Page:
Some of the industry’s best efforts come from a coalition of immensely talented individuals. When Resident Evil’s Shinji Mikami, Devil May Cry’s Hideki Kamiya, and Samurai Shodown programmer Atsushi Inaba joined forced to form Clover, gamers received inspired efforts like Viewtiful Joe, Ōkami, and God Hand. But critical success didn’t translate into commercial achievement, and Capcom subsequently shut down the studio.
But the trio of prodigies saw problems mounting and left before Clover was dissolved back into its parent studio. Together with Tatsuya Minami, (Super Ghouls ‘n Ghosts, Phoenix Wright: Ace Attorney, Dino Stalker), the group formed PlatinumGames. Continuing their pursuit of creativity started at Clover, Platinum solidified a deal with SEGA for the distribution of their first four games. The initial two, MadWorld and Infinite Space were ambitious. But the former was burdened the occasional unresponsiveness of Wiimote-based motion controls, while the latter had a steep learning curve.
A Bewitching Witch and The Suit
But Platinum’s next two releases would forge a name for the studio. 2010’s Bayonetta put players in control of the game’s eponymous lead, a sexy, shape-shifting witch. With unrelenting grace, Bayonetta made the butchery of foes look downright elegant, seemingly shifting between two powerful pistols to a crushing stiletto kick. Games like Devil May Cry had established a formula for frenzied action coupled with intermittent puzzles. But Platinum pushed themselves to make every moment feel like a highlight, turning up the style, vivacity, and narrative goofiness to peak levels.
Although 2010’s Vanquish doesn’t exude the same sexiness as Bayonetta, it’s execution adopted a similar style. Here, Sam Gideon donned an Augmented Reaction Suit, endowing the ability to slow time to a crawl as well as lithely slide and vault between parts of environmental cover. Like the lascivious witch, gratification was rooted in his astounding capabilities, where enemies and even bosses submitted to overwhelming strength. Yes, it was a succinct experience, with a campaign last about six hours. But it was a game without any of the padding that habitually slows down the action genre.
Ten Years On, The Action Remains Red Hot
A decade later, the release of the Bayonetta & Vanquish 10th Anniversary Bundle merges PlatinumGame’s two breakout hits. Available digitally or physically for $39.99 (each title can also be purchased separately for $24.99), the re-release offers a few improvements. Visually, the game’s original 720p output has been upscaled to 1080p, reflecting the fidelity faulted by the 2017 PC iterations. In execution, it’s not the drastic graphical upgrade that remakes typically receive, and the game’s texturing intermittently reveals its age. Notably, Vanquish’s drab palettes fare a bit worse, signaling the color schemes often associated with action games of the era.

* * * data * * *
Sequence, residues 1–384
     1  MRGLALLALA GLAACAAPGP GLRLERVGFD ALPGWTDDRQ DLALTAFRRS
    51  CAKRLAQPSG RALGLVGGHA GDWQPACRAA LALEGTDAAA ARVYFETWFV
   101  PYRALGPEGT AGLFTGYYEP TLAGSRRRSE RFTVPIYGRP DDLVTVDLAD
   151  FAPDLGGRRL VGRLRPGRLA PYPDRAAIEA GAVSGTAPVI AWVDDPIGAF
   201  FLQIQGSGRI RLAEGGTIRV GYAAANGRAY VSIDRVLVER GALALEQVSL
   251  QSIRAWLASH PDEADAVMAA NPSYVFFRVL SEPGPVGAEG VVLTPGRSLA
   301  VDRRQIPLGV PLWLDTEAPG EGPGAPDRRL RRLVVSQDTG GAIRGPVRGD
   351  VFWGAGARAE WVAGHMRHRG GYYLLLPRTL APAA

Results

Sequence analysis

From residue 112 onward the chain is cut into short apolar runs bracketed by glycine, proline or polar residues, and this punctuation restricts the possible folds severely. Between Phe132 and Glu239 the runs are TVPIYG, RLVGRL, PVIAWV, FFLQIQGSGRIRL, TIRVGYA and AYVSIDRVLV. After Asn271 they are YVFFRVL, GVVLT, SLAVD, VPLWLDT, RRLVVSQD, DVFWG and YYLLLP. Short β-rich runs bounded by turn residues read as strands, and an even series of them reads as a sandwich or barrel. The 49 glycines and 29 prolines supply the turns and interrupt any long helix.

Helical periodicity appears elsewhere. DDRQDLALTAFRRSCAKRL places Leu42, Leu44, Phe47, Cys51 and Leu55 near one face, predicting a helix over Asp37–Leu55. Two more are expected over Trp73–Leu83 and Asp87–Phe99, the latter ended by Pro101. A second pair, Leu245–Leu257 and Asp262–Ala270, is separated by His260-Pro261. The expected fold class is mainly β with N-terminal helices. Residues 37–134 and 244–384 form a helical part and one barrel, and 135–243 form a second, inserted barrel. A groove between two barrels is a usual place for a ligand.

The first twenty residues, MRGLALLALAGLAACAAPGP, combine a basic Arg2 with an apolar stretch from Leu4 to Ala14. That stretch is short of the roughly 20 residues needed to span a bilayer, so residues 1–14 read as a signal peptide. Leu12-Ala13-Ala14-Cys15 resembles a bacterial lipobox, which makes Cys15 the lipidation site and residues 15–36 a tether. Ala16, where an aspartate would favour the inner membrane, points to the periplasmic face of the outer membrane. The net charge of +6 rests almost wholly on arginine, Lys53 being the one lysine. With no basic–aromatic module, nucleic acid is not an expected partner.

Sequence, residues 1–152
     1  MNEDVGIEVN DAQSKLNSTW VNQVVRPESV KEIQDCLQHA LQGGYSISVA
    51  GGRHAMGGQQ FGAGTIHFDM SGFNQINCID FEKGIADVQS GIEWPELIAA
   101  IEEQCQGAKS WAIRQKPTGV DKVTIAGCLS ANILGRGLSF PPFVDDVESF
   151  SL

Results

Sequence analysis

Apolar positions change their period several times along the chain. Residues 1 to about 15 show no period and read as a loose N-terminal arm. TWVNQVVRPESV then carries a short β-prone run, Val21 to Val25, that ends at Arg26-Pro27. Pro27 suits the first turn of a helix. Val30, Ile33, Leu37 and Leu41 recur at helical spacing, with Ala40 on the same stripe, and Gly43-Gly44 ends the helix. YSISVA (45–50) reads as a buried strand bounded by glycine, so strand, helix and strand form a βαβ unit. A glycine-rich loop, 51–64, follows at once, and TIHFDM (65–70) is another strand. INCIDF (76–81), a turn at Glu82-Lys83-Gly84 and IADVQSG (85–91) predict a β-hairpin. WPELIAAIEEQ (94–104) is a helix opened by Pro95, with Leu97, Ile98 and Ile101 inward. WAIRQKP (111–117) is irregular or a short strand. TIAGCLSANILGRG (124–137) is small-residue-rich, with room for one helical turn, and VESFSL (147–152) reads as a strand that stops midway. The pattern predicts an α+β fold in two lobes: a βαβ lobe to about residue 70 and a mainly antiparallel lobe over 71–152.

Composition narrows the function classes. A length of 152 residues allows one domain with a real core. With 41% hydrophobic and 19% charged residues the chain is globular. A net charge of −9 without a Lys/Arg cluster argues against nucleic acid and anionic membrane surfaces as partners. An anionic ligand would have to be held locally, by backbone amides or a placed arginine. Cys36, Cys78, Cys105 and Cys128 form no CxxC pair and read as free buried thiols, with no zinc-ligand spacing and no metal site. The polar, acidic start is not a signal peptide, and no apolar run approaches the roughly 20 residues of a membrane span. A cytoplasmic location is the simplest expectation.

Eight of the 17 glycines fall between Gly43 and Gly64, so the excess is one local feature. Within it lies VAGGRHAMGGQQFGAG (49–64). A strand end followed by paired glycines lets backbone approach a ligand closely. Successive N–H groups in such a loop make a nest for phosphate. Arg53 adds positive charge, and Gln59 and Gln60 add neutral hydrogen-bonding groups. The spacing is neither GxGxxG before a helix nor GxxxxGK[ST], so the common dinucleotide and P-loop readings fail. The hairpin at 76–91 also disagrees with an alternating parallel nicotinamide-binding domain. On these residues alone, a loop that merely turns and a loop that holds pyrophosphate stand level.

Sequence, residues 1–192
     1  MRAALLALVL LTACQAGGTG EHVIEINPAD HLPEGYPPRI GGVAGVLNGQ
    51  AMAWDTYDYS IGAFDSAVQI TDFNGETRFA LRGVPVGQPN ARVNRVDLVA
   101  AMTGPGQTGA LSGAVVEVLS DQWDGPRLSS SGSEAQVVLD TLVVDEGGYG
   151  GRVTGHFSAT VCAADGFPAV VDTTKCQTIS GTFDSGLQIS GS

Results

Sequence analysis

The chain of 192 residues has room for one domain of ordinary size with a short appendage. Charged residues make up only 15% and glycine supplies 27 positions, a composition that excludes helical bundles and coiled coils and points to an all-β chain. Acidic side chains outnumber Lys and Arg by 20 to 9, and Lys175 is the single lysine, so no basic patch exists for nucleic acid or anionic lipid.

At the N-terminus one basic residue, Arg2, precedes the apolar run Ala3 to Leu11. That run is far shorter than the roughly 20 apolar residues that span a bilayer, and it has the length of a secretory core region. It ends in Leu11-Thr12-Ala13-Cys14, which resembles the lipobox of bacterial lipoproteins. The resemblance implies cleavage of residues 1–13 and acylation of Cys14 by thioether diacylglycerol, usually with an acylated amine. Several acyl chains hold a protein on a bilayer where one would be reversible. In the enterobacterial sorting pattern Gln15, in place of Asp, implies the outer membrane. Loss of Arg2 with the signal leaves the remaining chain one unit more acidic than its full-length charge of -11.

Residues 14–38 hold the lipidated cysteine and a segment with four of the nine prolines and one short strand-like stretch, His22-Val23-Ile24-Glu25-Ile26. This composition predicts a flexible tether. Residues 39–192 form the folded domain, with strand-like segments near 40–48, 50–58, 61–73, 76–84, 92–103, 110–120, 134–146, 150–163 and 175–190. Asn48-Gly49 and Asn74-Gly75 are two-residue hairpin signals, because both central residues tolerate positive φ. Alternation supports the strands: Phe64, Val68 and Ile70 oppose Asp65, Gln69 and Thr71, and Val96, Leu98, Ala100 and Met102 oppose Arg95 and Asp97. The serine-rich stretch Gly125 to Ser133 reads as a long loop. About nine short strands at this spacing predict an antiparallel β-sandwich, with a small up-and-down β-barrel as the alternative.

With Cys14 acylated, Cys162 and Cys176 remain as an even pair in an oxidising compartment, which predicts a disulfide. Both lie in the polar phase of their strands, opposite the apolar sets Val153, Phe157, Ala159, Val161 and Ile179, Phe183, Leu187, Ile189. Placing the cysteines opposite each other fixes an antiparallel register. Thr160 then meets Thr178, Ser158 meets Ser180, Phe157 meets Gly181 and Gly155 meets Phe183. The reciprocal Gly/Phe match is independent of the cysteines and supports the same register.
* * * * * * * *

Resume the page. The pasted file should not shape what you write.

However, Platinum’s decision to lock the framerate to sixty frames-per-second extends further fluidity over already silky control schemes. Playing both the original and the remaster side-by-side exhibits the benefit. With Bayonetta, following the same path (seeking out Alfheim Portals and hidden enemies) make the acquisition of gold and even platinum combat trophies a bit easier. With Vanquish, score-boosting headshots and swift stage completion bonuses were slightly easier to earn. Once you’ve felt the litheness of these remasters, it would be exceedingly difficulty to revert to the original versions of the game, especially the problematic PS3 port of Bayonetta.
Missed Opportunity for Extras
Given Bayonetta and Vanquish’s elevated status in seventh-generation gaming and PlatinumGame’s distinguished body of work, both games are deserving of supplemental material. But beyond the inclusion of an attractive steelbook case for the physical editions, there’s are no historical materials in the collections. Ideally, players would have been treated to interviews, production artwork, or even discarded content that would help document the design of the two titles. Reportedly, tensions were raised during the creation of Bayonetta, fueled by a push for polishes, precise play. Woefully, the only substantiation of this stress is an amazing final product.
If you’ve never played these games before, the Bayonetta & Vanquish 10th Anniversary is an ideal way to enjoy these two fantastically frantic masterpieces. While each title is rooted in a different genre, PlatinumGames approach was the same, aiming to fill every moment of playtime with controller-clenching, over-the-top action. Although it would have been pleasing for SEGA to provide additional enticement to players who’ve also pushed through both games, the technical improvements are enough of an incentive to recommend a double dip for fans.
The Bayonetta & Vanquish 10th Anniversary Bundle was played
on Xbox One with review code provided by the publishers.